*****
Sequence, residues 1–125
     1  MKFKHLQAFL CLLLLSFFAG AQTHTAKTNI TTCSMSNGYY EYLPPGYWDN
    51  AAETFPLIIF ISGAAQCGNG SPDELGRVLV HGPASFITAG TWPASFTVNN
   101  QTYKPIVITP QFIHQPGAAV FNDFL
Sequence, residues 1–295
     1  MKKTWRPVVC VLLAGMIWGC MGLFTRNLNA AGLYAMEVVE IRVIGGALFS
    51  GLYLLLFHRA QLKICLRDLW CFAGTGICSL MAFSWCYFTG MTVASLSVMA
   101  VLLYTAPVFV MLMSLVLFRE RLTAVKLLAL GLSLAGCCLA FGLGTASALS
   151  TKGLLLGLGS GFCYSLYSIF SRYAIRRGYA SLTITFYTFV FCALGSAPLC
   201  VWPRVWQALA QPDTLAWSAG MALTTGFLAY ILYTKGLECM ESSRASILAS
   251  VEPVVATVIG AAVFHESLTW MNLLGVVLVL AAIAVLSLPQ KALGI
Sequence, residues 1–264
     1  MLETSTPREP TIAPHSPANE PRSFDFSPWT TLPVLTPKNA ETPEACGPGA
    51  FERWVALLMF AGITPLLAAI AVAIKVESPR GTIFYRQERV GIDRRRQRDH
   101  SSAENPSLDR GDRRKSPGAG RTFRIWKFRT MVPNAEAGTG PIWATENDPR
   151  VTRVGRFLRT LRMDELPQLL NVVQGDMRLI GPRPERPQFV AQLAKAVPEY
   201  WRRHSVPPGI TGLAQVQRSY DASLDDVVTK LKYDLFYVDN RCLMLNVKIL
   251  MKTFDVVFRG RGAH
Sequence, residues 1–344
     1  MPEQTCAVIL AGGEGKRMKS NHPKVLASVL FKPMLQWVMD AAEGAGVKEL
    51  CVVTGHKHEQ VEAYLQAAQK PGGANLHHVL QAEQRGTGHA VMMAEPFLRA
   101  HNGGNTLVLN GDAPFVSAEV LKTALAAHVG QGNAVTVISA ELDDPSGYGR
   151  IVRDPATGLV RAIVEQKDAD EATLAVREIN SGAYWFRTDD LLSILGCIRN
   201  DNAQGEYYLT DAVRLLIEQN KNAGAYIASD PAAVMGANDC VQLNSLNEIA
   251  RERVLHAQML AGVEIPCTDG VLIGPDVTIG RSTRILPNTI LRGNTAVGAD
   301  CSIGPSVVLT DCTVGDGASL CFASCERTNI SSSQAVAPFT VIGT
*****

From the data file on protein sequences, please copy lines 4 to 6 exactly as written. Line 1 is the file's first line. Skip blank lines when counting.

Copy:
   101  QTYKPIVITP QFIHQPGAAV FNDFL
Sequence, residues 1–295
     1  MKKTWRPVVC VLLAGMIWGC MGLFTRNLNA AGLYAMEVVE IRVIGGALFS